We have had an annual failure rate of slightly less than 1 in 10,000 across all panels.
Q.Cells, Canadian Solar, and ET Solar panels have had the fewest failures (zero)
The worst panel brand was GY (9 failures...4 hotspots, 3 failed under load, 2 cracked glass)

New developments in solar panels

Efficiency is the name of the game for panel manufacturers.
A standard 60 cell 'poly' panel these days is 275/280W with a max of 290W before over-heating.
A standard 60 cell 'mono' panel starts at 300W with 360W+ available at a price.
They are the same physical size, but the mono is more 'space efficient.'
Now there are relatively new 'split cell' panels...
They take a standard 60 cell panel, split all those cells in half and you have a 120 cells.
Then wire them up so there are 6 strings of 20 cells in each panel.
You now have a panel that performs a little better if it gets some partial shade.
You also have a panel that handles the heat a little better.

In other words, you now have a poly panel that performs as well as a mono.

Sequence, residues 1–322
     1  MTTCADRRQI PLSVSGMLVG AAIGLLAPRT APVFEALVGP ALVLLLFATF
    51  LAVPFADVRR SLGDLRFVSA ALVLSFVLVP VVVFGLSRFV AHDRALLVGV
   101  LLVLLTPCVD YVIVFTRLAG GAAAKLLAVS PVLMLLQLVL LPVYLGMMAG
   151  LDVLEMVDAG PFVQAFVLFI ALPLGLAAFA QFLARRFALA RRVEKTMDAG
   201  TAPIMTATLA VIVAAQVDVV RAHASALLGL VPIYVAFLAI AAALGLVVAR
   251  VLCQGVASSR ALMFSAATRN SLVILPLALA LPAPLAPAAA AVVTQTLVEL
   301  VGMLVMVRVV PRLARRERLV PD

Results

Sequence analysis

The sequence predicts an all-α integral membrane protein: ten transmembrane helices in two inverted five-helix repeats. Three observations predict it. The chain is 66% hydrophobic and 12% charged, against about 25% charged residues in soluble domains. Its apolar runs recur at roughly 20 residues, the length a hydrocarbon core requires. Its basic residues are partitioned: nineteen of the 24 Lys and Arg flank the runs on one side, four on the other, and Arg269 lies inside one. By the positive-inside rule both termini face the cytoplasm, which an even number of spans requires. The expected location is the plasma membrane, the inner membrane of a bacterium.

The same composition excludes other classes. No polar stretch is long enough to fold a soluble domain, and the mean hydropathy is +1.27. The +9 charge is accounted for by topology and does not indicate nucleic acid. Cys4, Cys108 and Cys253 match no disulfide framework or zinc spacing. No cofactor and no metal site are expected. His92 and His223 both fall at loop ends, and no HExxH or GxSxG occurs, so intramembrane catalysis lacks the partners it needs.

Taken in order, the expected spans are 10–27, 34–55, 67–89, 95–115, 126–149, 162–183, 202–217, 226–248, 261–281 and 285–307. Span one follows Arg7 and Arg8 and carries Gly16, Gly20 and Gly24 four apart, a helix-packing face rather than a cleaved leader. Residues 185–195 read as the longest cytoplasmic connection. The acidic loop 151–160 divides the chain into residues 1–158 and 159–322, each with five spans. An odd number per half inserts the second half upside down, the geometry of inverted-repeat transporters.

Canadian Solar and REC are breaking ground with split-celled poly panels and others will surely follow soon. Even better, Canadian and REC have 330W split cell Mono panelis in the pieline.

I could now go into detail about all the other panel features like PERC, dual glass, Anti PID (that's an old one now but was all the rage two years ago)...etc but it is all entirely pointless and food for snake oil salesmen, and we have great stuff about inverters further down the page, so no, go to SolarQuotes if you want to learn about that stuff.

Which should you buy?

All of the above has been talking about getting an extra 1 or 2% more power
That's actually a really silly, small amount of power when you put a value on it.
A typical system with a 5kW inverter and 6.6kW of panels, in Perth, on an unshaded North roof makes an average of 31 units (kWh) of power a day.
An extra 2% is 0.62 of a unit a day, worth 4.4 cents. Woo hoo !!
Some people say the extra 2% is worth 16 cents a day